The new edition of D&D is slimmed down to the core three rulebooks, a GM’s screen, and a few adventures. The only announced product for the next several months is Princes of the Apocalypse, adventure scheduled for April. There was speculation about an Adventurer’s Handbook, but it was canceled. It sounds like Wizards is planning on publishing a lot slower in the new era–which should keep it “feeling core” a little longer.

D&D 5e and Pathfinder Core in your hands

While I’m looking forward to running some different games at our upcoming Bookwyrm Con (I’ll be tackling Kingdom and Psi*Run), I’m playing a lot of D&D and Pathfinder recently. I’m curious though: are the readers of Gnome Stew playing much D&D and Pathfinder these days? Will the Pathfinder Core announcement lure you back?

Specifically, I’d love to hear about the following things:

  • Have you DMed D&D 5th Edition yet? If you did, have you run a published adventure or your own?
  • Have you played D&D 5th Edition?
  • Have you DMed Pathfinder in the last two years? Played?
  • Does Pathfinder Core sound like something you’d like to run or play in?

My answers:

  • Have you DMed D&D 5th Edition yet? If you did, have you run only published adventures or designed any adventures of your own?
    I’ve been running a lot of D&D–but it’s almost all been prepared material, either Hoard of the Dragon Queen for Encounters, Lost Mines for both my home group and as an Encounters placeholder until March, and the D&D Expeditions. For some reason, I haven’t felt the doodle my own world and scenario call from 5e yet.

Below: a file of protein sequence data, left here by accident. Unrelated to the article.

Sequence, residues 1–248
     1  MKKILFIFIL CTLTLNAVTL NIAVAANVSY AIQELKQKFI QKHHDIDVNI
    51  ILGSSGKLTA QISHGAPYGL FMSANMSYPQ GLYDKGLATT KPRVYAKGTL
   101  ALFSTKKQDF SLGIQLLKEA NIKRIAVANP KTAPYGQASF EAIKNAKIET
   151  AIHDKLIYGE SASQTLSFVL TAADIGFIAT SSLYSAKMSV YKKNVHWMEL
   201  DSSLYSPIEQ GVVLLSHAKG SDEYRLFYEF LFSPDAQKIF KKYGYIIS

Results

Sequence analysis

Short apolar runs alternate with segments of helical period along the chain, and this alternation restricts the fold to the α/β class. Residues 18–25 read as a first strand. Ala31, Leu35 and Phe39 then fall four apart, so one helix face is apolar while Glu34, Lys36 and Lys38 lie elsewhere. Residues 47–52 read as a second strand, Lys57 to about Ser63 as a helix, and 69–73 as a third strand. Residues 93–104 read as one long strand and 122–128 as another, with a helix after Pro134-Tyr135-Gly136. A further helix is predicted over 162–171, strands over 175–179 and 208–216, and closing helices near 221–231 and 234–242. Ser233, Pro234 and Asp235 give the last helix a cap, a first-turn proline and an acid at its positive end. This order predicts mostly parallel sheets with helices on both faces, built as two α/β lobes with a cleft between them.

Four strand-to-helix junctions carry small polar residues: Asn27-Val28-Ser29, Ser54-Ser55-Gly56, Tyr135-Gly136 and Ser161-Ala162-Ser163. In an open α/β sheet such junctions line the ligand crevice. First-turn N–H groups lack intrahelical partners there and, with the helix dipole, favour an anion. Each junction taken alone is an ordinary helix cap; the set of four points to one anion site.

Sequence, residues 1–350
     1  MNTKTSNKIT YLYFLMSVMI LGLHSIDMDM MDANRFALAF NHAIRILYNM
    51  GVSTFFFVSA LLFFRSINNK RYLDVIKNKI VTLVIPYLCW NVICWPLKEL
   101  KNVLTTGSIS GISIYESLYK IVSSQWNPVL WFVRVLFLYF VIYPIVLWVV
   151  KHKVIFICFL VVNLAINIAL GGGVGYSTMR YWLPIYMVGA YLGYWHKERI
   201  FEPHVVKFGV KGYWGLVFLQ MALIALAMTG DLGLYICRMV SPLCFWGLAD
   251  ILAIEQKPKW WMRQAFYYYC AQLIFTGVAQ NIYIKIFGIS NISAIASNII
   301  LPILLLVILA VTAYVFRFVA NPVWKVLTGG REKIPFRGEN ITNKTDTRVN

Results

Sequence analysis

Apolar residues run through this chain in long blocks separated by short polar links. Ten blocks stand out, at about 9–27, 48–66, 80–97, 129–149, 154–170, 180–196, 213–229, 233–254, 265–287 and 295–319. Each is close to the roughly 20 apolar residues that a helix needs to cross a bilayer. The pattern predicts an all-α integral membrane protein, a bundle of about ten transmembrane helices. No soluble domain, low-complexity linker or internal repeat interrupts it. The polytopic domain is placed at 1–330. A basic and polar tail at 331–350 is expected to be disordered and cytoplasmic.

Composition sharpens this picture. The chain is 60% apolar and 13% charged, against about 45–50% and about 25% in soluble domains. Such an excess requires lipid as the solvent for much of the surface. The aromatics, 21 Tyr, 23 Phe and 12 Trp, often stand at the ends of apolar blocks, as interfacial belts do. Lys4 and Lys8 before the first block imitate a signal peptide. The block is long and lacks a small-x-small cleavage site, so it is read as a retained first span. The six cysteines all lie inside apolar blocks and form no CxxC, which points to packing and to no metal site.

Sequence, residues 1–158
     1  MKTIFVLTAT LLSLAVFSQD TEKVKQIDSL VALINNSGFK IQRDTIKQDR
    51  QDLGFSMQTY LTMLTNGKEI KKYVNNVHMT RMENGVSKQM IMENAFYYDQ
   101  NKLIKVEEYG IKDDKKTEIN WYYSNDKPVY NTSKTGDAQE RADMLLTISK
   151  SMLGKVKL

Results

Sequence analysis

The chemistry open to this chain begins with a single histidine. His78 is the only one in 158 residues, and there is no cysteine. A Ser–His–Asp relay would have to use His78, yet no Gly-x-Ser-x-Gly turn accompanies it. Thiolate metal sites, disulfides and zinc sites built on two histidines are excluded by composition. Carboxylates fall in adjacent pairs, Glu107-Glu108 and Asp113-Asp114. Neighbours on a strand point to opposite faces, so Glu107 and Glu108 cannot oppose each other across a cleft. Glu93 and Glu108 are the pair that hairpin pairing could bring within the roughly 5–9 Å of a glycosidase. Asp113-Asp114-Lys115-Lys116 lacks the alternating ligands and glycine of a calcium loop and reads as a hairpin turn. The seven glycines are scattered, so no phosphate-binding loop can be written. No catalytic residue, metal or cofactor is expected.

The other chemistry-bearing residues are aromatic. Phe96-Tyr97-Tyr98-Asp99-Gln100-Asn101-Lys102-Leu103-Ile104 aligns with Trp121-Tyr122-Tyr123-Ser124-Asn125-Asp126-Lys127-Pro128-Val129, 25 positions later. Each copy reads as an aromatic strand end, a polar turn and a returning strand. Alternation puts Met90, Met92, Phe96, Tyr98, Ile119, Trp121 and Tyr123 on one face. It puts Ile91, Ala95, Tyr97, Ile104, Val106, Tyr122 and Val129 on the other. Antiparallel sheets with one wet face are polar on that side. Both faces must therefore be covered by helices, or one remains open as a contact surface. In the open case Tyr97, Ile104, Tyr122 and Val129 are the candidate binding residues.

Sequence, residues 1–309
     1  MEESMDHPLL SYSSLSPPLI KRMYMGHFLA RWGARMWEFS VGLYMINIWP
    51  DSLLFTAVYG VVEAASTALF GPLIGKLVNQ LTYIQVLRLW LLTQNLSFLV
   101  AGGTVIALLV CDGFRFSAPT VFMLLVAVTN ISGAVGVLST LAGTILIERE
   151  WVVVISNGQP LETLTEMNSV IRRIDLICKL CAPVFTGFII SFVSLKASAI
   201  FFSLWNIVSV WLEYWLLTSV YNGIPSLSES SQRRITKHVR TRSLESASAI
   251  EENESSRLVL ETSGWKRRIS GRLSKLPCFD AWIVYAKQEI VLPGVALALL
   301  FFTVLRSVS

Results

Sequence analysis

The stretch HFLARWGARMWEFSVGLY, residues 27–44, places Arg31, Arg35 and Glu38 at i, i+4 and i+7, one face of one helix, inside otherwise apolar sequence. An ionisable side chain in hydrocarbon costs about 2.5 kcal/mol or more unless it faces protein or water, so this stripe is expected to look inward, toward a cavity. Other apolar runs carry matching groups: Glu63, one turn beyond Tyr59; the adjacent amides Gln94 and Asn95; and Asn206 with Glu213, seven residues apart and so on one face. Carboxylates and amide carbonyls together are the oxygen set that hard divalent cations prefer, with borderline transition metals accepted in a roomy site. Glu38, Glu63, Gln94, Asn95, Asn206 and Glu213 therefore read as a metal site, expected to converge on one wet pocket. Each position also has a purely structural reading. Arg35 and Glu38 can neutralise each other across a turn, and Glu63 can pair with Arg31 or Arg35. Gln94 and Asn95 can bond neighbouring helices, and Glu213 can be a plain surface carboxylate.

• Have you played 5th Edition?
    Yes, though I’ve run much more than I’ve played. I enjoy character generation and the backgrounds; Hogarth is my Adventurer’s League Warlock.
  • Have you DMed Pathfinder in the last two years? Played?
    I’ve run barely any Pathfinder for the last few years–just specific scenarios, no campaign. I’ve played more often–a couple of short campaigns plus some Pathfinder Society games.
  • Does Pathfinder Core sound like something you’d like to run or play in?
    Pathfinder Core is pretty well tailored to my personality. I’m enjoying a lot of game systems recently, sacrificing the system mastery that Pathfinder’s been good at encouraging with their extensive releases. Pathfinder Core seems to demand less mastery of rules, which might be more welcoming to new and casual players.

I’m very interested in hearing which branches of D&D have people excited these days. I’ve seen a few groups break out their old first edition D&D books and teach new players interested in exploring the older systems. One of the GMs who runs at the store is updating the Temple of Elemental Evil from 1st edition and running it for his 5e players before the new Elemental Evil adventure comes out.

Please let us know what you’re playing these days!

Categories: Game Theory & Design

Greetings from Magrathea: Getting Along

RPGNet - 29 January 2015 - 12:00am
Encounters and biological interactions.
Categories: Game Theory & Design

How much do indie PC devs make, anyways? (Part 6) - by David Galindo Blogs - 28 January 2015 - 11:06pm
Winding down the 2 1/2 year launch of Cook, Serve, Delicious, with two new expansions and bundles, and looking at all the sales data up to this point across PC and mobile.
Categories: Game Theory & Design
Syndicate content

about seo